A bombshell new civil class action lawsuit alleges that the NYPD has an illegal policy of sending people with warrants attached to their names to city jails without ever bringing them before a judge.
According to the lawsuit, which was filed in the Southern District of New York, people detained under this policy were left to languish in Rikers and other city jails regardless of whether their warrants were even valid.
It isn’t hard to see why this policy, if it exists, would cause major civil rights concerns. Take the lead plaintiff in this lawsuit, Paul Phillips’ case, for example.
In 2020, the lawsuit alleges that Phillips was detained at Rikers for four days after his name came up associated with a warrant from the 1980s. Only, according to the lawsuit, a judge had already vacated the warrant a decade earlier.
Had a court actually looked at Phillips’ warrant the fact that it was vacated “could have been readily verified,” according to the lawsuit. Instead, Phillips, who takes medication for his opioid addiction, PTSD, and bi-polar disorder, allegedly deteriorated in jail without access to his meds.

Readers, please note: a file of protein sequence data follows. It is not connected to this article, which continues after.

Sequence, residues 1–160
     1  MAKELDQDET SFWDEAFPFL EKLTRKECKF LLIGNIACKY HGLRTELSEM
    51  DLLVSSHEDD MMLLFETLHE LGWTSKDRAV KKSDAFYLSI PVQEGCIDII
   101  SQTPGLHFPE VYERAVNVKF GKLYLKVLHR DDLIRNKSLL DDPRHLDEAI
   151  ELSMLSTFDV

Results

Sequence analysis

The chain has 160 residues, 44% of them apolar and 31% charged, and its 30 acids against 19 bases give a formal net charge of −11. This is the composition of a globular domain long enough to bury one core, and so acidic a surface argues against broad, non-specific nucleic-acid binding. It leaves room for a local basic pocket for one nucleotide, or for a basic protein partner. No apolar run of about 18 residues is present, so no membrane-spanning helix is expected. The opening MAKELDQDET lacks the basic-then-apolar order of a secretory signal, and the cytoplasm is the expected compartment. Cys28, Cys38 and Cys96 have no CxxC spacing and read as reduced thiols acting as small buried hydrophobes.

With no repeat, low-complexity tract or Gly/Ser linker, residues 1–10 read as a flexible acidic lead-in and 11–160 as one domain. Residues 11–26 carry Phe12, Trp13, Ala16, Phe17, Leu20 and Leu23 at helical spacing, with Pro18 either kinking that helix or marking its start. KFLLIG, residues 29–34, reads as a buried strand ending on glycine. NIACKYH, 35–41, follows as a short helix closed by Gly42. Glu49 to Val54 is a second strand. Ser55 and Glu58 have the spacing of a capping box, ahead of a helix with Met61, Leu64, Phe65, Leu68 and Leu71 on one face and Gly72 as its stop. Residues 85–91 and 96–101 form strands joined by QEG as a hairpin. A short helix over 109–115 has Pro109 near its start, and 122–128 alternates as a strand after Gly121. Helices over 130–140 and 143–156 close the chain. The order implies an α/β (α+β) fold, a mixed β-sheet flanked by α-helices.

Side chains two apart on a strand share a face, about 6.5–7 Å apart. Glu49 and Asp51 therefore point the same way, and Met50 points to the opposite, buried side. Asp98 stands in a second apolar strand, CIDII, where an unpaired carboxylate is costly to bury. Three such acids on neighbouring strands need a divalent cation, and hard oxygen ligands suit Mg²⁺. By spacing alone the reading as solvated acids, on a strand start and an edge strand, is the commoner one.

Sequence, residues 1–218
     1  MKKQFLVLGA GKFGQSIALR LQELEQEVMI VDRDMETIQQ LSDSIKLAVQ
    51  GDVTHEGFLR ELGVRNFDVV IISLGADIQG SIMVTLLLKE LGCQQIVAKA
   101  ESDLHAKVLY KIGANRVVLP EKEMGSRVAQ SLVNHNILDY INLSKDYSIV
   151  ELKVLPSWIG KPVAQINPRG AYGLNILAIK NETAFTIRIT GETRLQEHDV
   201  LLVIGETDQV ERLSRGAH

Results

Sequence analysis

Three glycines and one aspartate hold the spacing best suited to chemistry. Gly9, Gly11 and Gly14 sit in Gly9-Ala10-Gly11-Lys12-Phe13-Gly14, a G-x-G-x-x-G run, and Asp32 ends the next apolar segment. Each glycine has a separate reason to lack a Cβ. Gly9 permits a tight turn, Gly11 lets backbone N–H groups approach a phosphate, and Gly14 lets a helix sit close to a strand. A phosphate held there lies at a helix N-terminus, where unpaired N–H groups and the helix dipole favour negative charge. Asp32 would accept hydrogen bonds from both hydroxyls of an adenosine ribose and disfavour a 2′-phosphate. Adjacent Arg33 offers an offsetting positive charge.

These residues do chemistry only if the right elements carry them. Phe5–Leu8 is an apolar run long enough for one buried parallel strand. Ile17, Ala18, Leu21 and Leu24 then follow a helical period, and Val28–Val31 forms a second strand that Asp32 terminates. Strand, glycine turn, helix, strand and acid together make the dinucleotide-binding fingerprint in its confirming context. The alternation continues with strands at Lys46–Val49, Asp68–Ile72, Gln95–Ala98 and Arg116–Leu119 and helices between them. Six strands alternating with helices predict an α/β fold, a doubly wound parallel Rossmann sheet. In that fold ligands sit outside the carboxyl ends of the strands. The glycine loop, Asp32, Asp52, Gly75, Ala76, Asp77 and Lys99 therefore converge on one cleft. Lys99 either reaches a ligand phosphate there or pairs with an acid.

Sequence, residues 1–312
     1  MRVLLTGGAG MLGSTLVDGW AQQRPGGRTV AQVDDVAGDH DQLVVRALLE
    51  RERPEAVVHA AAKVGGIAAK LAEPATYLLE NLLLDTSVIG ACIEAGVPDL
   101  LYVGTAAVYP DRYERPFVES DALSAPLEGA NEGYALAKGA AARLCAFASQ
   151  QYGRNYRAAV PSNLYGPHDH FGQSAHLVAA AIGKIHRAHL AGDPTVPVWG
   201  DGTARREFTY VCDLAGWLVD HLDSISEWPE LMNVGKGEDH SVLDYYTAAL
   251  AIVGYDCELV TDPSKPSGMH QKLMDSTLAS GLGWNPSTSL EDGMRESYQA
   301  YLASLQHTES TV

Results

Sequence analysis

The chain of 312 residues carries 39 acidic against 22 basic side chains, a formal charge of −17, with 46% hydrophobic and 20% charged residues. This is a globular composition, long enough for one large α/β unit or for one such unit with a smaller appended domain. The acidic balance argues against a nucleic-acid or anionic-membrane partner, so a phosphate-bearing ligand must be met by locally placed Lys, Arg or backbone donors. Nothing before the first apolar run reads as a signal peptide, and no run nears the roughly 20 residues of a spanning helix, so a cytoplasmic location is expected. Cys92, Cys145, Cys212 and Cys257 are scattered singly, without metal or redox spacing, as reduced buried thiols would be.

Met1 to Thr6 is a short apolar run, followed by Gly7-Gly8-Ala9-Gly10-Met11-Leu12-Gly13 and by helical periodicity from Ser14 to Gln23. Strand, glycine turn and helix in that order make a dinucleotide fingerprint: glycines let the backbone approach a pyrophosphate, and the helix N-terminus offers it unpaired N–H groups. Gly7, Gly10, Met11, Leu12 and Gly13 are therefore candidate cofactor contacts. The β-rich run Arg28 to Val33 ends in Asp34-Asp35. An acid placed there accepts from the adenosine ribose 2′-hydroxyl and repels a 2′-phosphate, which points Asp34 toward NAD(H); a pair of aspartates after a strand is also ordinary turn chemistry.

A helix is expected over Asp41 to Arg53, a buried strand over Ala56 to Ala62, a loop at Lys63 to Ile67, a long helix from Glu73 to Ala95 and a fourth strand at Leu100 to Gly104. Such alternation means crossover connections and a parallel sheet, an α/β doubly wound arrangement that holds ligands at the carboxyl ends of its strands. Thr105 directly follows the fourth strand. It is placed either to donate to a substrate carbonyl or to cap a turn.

Even though he’s been released, the lawsuit alleges the threat to Phillips, who now suffers from increased night terrors and panic attacks, isn’t over.
His lawyers allege that he remains at risk of being returned to Rikers as long as the policy of taking anyone whose warrants are still within NYPD’s system into custody remains in-place.
Phillips’ story isn’t the only case mentioned in the lawsuit. Another plaintiff, who like Phillips says his warrant was invalid, lost nearly 20 pounds due to being denied proper nutrition over his two and half-week detention.
Without an injunction, attorneys in the lawsuit argue he could easily be brought back to jail any time he encounters the NYPD.
“The incarcerations the city has performed under the policy are nothing short of an extrajudicial campaign of terror and kidnapping,” wrote the plaintiff’s lawyers.